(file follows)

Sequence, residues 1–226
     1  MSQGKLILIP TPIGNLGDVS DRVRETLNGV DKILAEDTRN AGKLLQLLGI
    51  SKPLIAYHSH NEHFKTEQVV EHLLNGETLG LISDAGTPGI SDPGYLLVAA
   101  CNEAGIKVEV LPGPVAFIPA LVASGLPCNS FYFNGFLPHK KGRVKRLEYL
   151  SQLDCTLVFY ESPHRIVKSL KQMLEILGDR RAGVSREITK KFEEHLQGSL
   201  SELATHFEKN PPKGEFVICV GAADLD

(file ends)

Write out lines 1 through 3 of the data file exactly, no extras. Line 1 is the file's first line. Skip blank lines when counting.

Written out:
Sequence, residues 1–226
     1  MSQGKLILIP TPIGNLGDVS DRVRETLNGV DKILAEDTRN AGKLLQLLGI
    51  SKPLIAYHSH NEHFKTEQVV EHLLNGETLG LISDAGTPGI SDPGYLLVAA